Star Trek: In That Moment
Mirror of My Soul (Episode: The Empath)
Spock was surprised by little, but the feather touch to his shoulder took him completely off guard. Gem had been a void in the space around them until this moment. As a born and fully functioning empathy, her shields were innate and impenetrable. Spock had detected no thought and no emotion from her since their meeting.
He looked up into her small soft face, her dark eyes huge against her pale skin. She looked back. She did not look at him. She looked into him, and her eyes became a mirror to his soul. He saw in their depths what was inside himself. His love for Jim. His affection for McCoy. The abyss of his own loneliness. And despair.
The Vions had given Kirk an ultimatum, a choice he could not make, so he made the only one possible. He would sacrifice himself. Spock had known his decision even as he made it, and Spock had made his own in the same moment. He would not lose his captain, his friend, his T’hy'la.
McCoy had made it easy, giving Kirk a hypo under the guise of wanting him to rest. Now, at least, Spock was spared the agonizing moment in which he would be forced to countermand Kirk; the moment he would have to look in those hazel eyes and see the embattled soul of the man he loved bleeding—dying—knowing Spock would never return to him, and it he did, he would not be whole.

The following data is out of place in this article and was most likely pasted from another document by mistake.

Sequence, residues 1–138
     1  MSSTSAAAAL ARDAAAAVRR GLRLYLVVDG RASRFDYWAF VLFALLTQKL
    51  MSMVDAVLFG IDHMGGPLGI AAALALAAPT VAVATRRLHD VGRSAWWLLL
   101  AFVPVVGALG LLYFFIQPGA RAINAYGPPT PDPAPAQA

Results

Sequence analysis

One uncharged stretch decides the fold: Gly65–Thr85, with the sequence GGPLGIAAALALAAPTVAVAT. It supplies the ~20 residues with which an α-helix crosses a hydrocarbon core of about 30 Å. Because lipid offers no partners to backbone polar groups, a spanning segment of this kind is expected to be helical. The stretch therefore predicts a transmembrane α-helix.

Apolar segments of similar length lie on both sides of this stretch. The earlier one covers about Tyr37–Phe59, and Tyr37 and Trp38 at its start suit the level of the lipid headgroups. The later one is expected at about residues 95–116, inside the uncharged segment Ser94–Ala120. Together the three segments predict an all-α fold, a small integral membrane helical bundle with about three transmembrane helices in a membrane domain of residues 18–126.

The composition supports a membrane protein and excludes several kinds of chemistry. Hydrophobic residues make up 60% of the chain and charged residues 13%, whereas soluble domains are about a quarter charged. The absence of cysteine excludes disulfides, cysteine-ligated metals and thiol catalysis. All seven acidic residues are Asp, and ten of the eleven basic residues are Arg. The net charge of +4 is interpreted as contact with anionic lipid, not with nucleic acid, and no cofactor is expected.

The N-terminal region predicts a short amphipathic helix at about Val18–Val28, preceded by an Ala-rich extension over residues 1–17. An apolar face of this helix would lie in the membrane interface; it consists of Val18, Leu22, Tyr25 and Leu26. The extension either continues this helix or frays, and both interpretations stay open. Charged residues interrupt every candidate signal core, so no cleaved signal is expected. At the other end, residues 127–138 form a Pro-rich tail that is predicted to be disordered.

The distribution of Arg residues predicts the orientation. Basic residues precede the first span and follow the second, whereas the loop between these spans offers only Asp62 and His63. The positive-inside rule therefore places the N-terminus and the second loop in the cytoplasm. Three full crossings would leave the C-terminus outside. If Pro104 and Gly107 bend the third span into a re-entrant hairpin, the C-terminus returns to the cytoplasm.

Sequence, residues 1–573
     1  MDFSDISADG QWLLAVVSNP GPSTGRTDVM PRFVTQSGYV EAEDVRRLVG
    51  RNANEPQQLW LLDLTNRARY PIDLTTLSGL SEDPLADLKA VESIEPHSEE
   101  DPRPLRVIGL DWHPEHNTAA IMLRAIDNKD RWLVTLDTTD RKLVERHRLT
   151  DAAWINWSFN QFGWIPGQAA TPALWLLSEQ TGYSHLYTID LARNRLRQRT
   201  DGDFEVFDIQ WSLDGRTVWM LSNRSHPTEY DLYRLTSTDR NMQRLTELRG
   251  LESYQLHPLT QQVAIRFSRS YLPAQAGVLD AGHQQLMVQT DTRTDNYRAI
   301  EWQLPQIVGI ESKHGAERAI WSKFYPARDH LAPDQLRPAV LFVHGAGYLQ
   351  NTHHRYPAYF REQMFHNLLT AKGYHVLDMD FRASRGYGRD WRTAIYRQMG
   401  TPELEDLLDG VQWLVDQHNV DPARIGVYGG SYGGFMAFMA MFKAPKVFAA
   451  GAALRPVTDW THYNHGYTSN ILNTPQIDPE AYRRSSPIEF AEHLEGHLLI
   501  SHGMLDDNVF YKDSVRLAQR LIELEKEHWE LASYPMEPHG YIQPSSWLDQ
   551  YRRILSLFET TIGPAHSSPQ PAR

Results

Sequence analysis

Yes, McCoy had spared him that. God bless him. He had a head of iron, but a heart of gold. Spock would be equally sad to leave him behind, but glad that at least Kirk would have someone to turn to in the horrible grief that would follow Spock’s absence.
Gem’s lips curved up slowly in a sad, sad smile, her eyes brimming with the grief in Spock’s own heart. It was a pain her instincts told her to heal, to take into herself and lessen for him; but something in his eyes begged her to leave it behind. It was the price he paid for love—these moments of unendurable agony—and he would give up neither. She moved her head just a fraction in acknowledgment, and her hand lifted away, as lightly as it had come.